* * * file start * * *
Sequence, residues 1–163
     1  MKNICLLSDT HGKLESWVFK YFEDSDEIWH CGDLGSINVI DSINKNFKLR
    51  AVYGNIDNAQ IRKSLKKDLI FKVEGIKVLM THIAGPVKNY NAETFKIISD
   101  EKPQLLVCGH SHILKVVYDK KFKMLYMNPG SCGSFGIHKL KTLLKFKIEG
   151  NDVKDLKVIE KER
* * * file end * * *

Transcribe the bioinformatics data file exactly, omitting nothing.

Sequence, residues 1–163
     1  MKNICLLSDT HGKLESWVFK YFEDSDEIWH CGDLGSINVI DSINKNFKLR
    51  AVYGNIDNAQ IRKSLKKDLI FKVEGIKVLM THIAGPVKNY NAETFKIISD
   101  EKPQLLVCGH SHILKVVYDK KFKMLYMNPG SCGSFGIHKL KTLLKFKIEG
   151  NDVKDLKVIE KER